Impact of Red Imported Fire Ant Control on Crapemyrtle Bark Scale (Acanthococcus lagerstroemiae) Populations on Crapemyrtles, 2020

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Abstract

Downloaded from https://academic.oup.com/amt/article/46/1/tsab120/6301370 by DeepDyve user on 22 June 2021 applyparastyle "fig//caption/p[1]" parastyle "FigCapt" applyparastyle "fig" parastyle "Figure" Arthropod Management T ests, 46(1), 2021, 1–2 doi: 10.1093/amt/tsab120 Section G: Ornamentals & Turf CRAPEMYRTLE: Lagerstroemia indica (L.) HeadA=HeadB=HeadA=HeadB/HeadA HeadB=HeadC=HeadB=HeadC/HeadB Impact of Red Imported Fire Ant Control on Crapemyrtle HeadC=HeadD=HeadC=HeadD/HeadC Extract3=HeadA=Extract1=HeadA Bark Scale (Acanthococcus lagerstroemiae) Populations History=Text=History=Text_First on Crapemyrtles, 2020 EDI_HeadA=EDI_HeadB=EDI_HeadA=EDI_HeadB/HeadA 1,4, 2 2 3 EDI_HeadB=EDI_HeadC=EDI_HeadB=EDI_HeadC/HeadB Erfan K. Vafaie, Chase M. Martin, Mike Merchant, and Mengmeng Gu EDI_HeadC=EDI_HeadD=EDI_HeadC=EDI_HeadD/HeadC 1 2 Texas A&M Agrilife Extension, 1710 N. FM 3053, Overton, TX 75684-2322, USA, Texas A&M AgriLife Extension, 17360 Coit Road, EDI_Extract3=EDI_HeadA=EDI_Extract1=EDI_HeadA 3 Dallas, TX 75252, USA, Department of Horticultural Science, Texas A&M AgriLife Extension, HFSB 223, TAMU 2134, College Station, TX 77843, USA, and Corresponding author, e-mail: erfan.vafaie@ag.tamu.edu ERR_HeadA=ERR_HeadB=ERR_HeadA=ERR_HeadB/HeadA ERR_HeadB=ERR_HeadC=ERR_HeadB=ERR_HeadC/HeadB Section Editor: Carlos Bogran ERR_HeadC=ERR_HeadD=ERR_HeadC=ERR_HeadD/HeadC Crapemyrtle | Lagerstroemia indica ERR_Extract3=ERR_HeadA=ERR_Extract1=ERR_HeadA Crapemyrtle bark scale │ Acanthococcus (=Eriococcus) lagerstroemiae Red imported fire ant | Solenopsis invicta The purpose of this study was to determine how suppression of a section of PVC pipe buried in the ground positioning the tops of red imported fire ant colonies would affect crapemyrtle bark scale the tubes flush with the ground. The contents of the tubes were then populations on crapemyrtles. Crapemyrtles were located on medians examined under a stereoscopic microscope (30–40× magnification), of El Dorado Parkway in Little Elm (TX). All trees had visibly sim- and numbers of fire ants in each tube recorded. The mean number of ilar signs of crapemyrtle bark scale infestation and fire ant mounds crapemyrtle bark scale on branches and number of red imported fire in close proximity. Trees (experimental units) were in medians ants in pitfall traps were compared between treated and untreated (block) that were either untreated (UTC) or treated for fire ants, plots using a generalized linear mixed model and Tukey’s post hoc with two trees in each block, and six replications (n = 12 per treat- analysis within each WAT. Data were log-transformed (log(x + 1)) in ment). Trees in treated blocks were sprayed with Talstar Pro using the final analyses to normalize residuals. a hand sprayer (Scotts 190567 2 gal. Lithium-Ion Battery Powered The number of live crapemyrtle bark scale was significantly Pump; Scotts Miracle-Gro Products, Marysville, OH) every 2  wk, different between treatments (F   =  43.62, P  <  0.001), WAT 1,22 from the base of the trunk to 3 ft up the trunk on all sides to reduce (F   =  25.04, P  <  0.001), and interaction between treatment and 4,88 foraging by ants (Table 1). Additionally, Top Choice at a rate of WAT (F   =  3.55, P  <  0.001). Although there were no significant 4,88 2.75 lbs/1,000 sq ft via drop spreader was also applied in treated differences in live crapemyrtle bark scale at 0 and 4 WAT, by 8 WAT blocks to prohibit fire ant mounds and discourage foraging by fire until the end of the trial (16 WAT), the number of crapemyrtle bark ants (Table 1). No pesticides were applied in the untreated control scale in fire ant-treated plots was significantly higher than untreated blocks. Three branch samples per tree were collected from the first plots (Table 2). This is consistent with the amount of time needed to day of insecticidal treatment (21 April; 0 wk after treatment [WAT]) control fire ants with broadcast application of fipronil. The increase and subsequently every 4 wk until the last collection on 13 August in crapemyrtle bark scale in the fire ant-treated plots was associ- (16 WAT). All life stages of crapemyrtle bark scale (nymphs, egg ated with decreased fire ant populations as determined by the pitfall sacs, and male pupae) were quantified collectively for each sampled traps (Table 3; P < 0.001, P < 0.001, and P = 0.034 for treatment, 35-cm branch under a stereoscopic microscope and averaged for WAT, and treatment × WAT interaction, respectively). Future studies each tree. Three pitfall traps were also installed at the base of the are needed to confirm whether results from this trial were due to trees in each block to confirm the efficacy of fire ant treatments. The increased foraging on crapemyrtle bark scale by red imported fire pitfalls consisted of centrifuge tubes filled with antifreeze placed in ants in untreated plots. This work is partially supported by Specialty Crop Research Initiative  project ‘Systematic Strategies to Manage Crapemyrtle Bark Scale, An Emerging Exotic Pest’ (grant no. 2017-51181-26831/project accession no. 1013059) from the U.S. Department of Agriculture (USDA) National Institute of Food and Agriculture, and industry gifts of pesticides. Any opinions, findings, conclusions, or recommendations expressed in this publication are those of the author(s) and do not necessarily reflect the view of the USDA. © The Author(s) 2021. Published by Oxford University Press on behalf of Entomological Society of America. 1 This is an Open Access article distributed under the terms of the Creative Commons Attribution-NonCommercial License (http://creativecommons.org/ licenses/by-nc/4.0/), which permits non-commercial re-use, distribution, and reproduction in any medium, provided the original work is properly cited. For commercial re-use, please contact journals.permissions@oup.com Downloaded from https://academic.oup.com/amt/article/46/1/tsab120/6301370 by DeepDyve user on 22 June 2021 2 Arthropod Management T ests, 2021, Vol. 46, No. 1 Table 1. Trade name Active ingredient Application rate Application method Application date Talstar Pro Bifenthrin 1.0 fl. oz./gallon Hand pump sprayer 21 Apr., 5 May, 20 May, 3 June, 18 June, 2 July, 15 July, 29 July TopChoice Fipronil 2.75 lbs/1,000 sq. ft. Drop spreader 12 Mar. Table 2. Treatment Mean no. live scale on three 35-cm branches Date (WAT) 21 Apr. (0) 20 May (4) 18 June (8) 15 July (12) 15 Aug. (16) Treated 4.5 153.7 36.2 54.0 6.3 UTC 3.3 130.5 5.1 27.1 0.3 P-value 0.745 0.667 0.005* 0.015* <0.001* *Significantly different estimated marginal means of log-transformed (log(x + 1)) data within a column using Tukey’s post hoc analysis. Table 3. Treatment Mean number of red imported fire ants in pitfall traps Date (WAT) 14 May 20 May 28 May 4 June 11 June 18 June 25 June 1 July 8 July 15 July 22 July 5 Aug. 12 Aug. (4) (5) (6) (7) (8) (9) (10) (11) (12) (13) (14) (15) (16) Treated 16.8 7.2 10.2 5.3 3 3 9.7 1.5 3.5 3.5 8.7 2 5 UTC 18.3 26.2 12.7 5.5 23.2 8.5 19.5 10.5 7.5 32.5 20.2 5.5 18.2 † † † P-value 0.558 0.051 0.567 0.523 0.006* 0.052 0.005* 0.035* 0.147 0.001* 0.075 0.142 0.025* *Significantly different (P = 0.05) or nearly significant ( P = 0.10) estimated marginal means of log-transformed (log(x + 1)) data within a column using Tukey’s post hoc analysis.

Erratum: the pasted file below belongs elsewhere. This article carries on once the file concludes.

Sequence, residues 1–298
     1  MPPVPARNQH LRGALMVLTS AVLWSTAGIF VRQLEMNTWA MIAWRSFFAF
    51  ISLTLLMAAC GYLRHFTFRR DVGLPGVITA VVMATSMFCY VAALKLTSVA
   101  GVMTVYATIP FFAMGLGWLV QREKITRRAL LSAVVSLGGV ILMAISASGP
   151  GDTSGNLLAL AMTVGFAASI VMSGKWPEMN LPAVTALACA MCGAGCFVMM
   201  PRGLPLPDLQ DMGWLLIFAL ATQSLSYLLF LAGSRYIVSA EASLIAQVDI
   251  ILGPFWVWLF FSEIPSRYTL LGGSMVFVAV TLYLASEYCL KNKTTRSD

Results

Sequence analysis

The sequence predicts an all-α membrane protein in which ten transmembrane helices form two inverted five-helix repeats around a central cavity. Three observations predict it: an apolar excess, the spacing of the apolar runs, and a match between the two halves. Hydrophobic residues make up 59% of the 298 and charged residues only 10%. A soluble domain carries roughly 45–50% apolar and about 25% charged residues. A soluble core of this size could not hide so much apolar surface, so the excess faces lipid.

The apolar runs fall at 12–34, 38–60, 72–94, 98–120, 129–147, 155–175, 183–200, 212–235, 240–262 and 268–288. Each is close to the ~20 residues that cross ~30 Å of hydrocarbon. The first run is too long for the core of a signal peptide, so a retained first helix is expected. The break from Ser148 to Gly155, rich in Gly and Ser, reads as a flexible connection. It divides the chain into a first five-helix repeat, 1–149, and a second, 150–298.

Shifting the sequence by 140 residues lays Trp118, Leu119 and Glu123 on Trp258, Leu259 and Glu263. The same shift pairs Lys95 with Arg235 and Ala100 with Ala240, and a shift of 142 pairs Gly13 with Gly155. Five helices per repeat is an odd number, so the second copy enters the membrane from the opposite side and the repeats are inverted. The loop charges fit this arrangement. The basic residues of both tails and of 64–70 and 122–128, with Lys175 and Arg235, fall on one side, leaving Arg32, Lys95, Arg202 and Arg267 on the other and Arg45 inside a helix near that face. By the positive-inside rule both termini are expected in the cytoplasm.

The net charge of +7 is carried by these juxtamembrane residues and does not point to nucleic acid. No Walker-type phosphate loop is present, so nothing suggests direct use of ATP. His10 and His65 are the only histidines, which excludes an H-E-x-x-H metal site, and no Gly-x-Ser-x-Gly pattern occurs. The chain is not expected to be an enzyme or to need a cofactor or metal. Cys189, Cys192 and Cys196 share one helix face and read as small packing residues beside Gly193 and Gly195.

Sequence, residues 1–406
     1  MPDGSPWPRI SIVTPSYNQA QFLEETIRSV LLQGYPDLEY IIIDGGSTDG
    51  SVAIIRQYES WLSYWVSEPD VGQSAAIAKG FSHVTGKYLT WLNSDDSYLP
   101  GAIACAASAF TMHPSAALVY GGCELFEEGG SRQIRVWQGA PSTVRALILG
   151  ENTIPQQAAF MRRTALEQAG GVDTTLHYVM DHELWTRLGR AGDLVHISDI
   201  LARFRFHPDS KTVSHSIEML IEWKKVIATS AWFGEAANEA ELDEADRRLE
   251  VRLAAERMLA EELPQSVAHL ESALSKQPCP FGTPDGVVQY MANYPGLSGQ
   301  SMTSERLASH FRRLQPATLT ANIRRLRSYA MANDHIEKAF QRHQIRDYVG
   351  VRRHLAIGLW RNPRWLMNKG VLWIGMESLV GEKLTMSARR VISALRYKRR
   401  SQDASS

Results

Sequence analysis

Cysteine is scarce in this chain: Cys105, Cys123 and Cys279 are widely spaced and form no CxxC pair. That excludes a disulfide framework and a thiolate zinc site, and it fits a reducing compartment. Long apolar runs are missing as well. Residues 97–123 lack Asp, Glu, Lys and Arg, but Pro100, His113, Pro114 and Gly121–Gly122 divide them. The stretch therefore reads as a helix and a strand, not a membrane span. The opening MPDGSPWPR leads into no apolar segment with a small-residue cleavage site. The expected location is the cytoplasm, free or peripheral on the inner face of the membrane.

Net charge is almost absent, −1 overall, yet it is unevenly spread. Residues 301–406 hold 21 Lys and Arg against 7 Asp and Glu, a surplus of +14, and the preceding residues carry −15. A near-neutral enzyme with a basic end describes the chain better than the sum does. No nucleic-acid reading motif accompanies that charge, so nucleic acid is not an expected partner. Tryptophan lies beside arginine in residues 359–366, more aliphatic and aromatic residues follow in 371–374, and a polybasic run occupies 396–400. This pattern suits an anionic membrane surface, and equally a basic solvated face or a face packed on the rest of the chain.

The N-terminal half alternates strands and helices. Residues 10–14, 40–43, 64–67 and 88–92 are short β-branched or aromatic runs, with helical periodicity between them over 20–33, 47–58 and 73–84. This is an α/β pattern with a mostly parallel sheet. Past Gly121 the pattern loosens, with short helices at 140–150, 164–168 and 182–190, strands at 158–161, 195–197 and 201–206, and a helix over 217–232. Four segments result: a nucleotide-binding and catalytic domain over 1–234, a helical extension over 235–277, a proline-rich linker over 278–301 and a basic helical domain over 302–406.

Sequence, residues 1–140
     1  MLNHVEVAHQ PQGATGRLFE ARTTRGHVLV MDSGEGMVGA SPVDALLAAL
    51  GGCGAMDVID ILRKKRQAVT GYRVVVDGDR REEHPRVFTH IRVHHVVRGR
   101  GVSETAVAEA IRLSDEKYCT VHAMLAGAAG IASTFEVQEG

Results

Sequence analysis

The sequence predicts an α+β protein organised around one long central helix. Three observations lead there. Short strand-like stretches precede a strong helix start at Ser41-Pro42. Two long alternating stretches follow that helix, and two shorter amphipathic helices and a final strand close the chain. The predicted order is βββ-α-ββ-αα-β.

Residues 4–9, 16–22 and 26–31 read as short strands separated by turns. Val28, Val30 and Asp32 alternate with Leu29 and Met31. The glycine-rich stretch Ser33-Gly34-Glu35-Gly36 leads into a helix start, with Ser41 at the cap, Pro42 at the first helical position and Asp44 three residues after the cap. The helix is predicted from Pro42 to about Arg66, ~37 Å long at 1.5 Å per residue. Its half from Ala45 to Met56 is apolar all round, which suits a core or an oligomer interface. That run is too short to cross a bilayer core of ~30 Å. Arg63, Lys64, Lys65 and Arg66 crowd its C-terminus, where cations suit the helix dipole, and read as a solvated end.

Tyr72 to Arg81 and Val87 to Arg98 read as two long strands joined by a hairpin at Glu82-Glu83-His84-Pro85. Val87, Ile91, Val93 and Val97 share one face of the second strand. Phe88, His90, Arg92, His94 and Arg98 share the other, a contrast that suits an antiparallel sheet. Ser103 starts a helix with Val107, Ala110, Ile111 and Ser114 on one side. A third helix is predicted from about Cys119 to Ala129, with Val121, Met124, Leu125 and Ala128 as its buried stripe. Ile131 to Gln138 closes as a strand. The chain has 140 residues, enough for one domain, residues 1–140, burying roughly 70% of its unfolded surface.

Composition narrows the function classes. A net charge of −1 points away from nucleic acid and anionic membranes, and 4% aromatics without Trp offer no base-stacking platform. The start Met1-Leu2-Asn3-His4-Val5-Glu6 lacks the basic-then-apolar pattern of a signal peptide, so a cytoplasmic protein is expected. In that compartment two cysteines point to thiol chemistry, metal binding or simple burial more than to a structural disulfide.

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Arthropod Management TestsOxford University Press

Published: Jan 1, 2021